How to Get Attention

A critical psychological element of exerting influence is first gaining the audience’s attention. The factors listed below describe the things to which people tend to give attention. You can use these elements in your introduction to gain attention and throughout your message to hold attention.

This material is largely taken from Ehninger, Douglas, et al. Principles and Types of Speech Communication. 9th Ed. Glenview, IL: Scott, Forseman and Co., 1986.



A. Gaining and Holding Attention: A List of Factors

B. Holding Attention: Additional Factors


A.    Gaining and Holding Attention: A List of Factors
The following stimuli gain attention:

1.     Activity.

a.      Things that move, flash, blink.

b.     Emergency vehicle lights. Mechanical billboards.

c.      A message can “move” through a process or history.

2.     Reality.     

a.      Real, concrete, sensual things are more attention-getting than hypothetical, abstract or mental.

b.     Use concrete words and images

i.       Abstract: When you move to a new town, you don’t know where anything is.
ii.     Better: When you move to a new town, you don’t know where the grocery store is.
iii.   Concrete: When you move to a new town, you don’t know where the Bi-Lo is.

c.      Create “presence.”

3.     Proximity.

a.      People pay more attention to things that are near to them than things that are far away.

b.     Think of what news stories get your attention.

c.      Refer to things that are recent, immediate or nearby.

d.     Refer to things that preceded your message—the previous speaker.

e.      Refer to someone in the audience.

4.     Familiarity.          

a.      People pay more attention to things that are familiar.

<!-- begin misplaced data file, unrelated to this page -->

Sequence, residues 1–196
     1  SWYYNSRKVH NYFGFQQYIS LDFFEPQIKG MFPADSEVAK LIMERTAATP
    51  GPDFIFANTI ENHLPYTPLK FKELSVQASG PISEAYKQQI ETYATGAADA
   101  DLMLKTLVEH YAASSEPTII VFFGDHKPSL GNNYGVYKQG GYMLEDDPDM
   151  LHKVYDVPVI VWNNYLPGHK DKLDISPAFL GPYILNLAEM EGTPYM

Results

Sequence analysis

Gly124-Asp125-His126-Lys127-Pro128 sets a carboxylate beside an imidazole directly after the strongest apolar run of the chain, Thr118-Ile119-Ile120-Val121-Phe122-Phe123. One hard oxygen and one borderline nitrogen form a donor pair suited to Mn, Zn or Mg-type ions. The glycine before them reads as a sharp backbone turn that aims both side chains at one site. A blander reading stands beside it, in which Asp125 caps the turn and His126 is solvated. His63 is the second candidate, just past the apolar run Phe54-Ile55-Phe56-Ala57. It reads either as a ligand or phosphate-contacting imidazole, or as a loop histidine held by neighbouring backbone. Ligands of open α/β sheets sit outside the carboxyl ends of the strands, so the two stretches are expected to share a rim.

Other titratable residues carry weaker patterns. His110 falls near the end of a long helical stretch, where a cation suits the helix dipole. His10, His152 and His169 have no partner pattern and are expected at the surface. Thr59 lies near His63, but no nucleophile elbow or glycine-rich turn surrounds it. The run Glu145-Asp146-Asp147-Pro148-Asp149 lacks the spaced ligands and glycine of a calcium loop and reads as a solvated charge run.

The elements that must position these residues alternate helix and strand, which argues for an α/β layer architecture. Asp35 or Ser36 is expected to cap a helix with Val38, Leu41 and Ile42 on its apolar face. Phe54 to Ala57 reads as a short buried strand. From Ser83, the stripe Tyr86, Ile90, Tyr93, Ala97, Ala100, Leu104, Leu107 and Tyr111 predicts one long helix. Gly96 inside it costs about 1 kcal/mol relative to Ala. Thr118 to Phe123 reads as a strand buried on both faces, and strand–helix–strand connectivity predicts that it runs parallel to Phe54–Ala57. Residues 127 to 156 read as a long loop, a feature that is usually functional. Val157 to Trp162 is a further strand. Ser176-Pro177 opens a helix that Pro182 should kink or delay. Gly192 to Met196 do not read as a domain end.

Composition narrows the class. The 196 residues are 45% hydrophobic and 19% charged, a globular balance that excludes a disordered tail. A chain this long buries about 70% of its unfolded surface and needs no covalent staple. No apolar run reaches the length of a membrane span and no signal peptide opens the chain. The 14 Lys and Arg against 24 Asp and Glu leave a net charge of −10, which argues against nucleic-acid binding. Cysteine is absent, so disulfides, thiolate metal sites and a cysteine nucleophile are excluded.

b.     Think of what gets your attention when you overhear a conversation in a restaurant.

c.      Draw from what people know.

d.     Draw from things that are unique or special to them. When the prominent 19th century motivational speaker, Russell Conwell, came into a new town to give his famous speech, “Acres of Diamonds,” he would first search out local stories to add to his presentation.

5.     Novelty.   

a.      People pay attention to things that are new and different.

b.     Think of the Chik-fil-a billboards.

c.      Use new or unusual information to get attention.

d.     Geraldine Ferraro compared the earnings of men and women:

i.       I wanted to find out how many women in America earn more than $60,000 a year. I picked that number, frankly, because that is what I, as a member of Congress, earn. I learned that there are only 18,000 women in the entire United States, working full-time, who earn more than $60,000. We represent just one-tenth of one percent of all the women who work full-time in America. By contrast, 885,000 men, 2.1 percent of full-time male workers, are in the $60,000 plus bracket.

6.     Suspense.

a.      People pay attention to things that build suspense.

b.     The apartment billboard campaign featuring messages to the “Women in yellow.”

c.      The classic horror movie.

d.     When you use suspense, observe two cautions:

i.       Do not make the information seem so difficult or mysterious that your listeners lose all hope of comprehending it; and
ii.     make sure that the information you finally reveal is important enough to warrant the suspense you have created. Audiences become irritated when a speaker promises “more about that later” and then either never gets to the point again or says little of value when he does arrive at the point.

7.     Conflict.

a.      People pay attention to a good fight.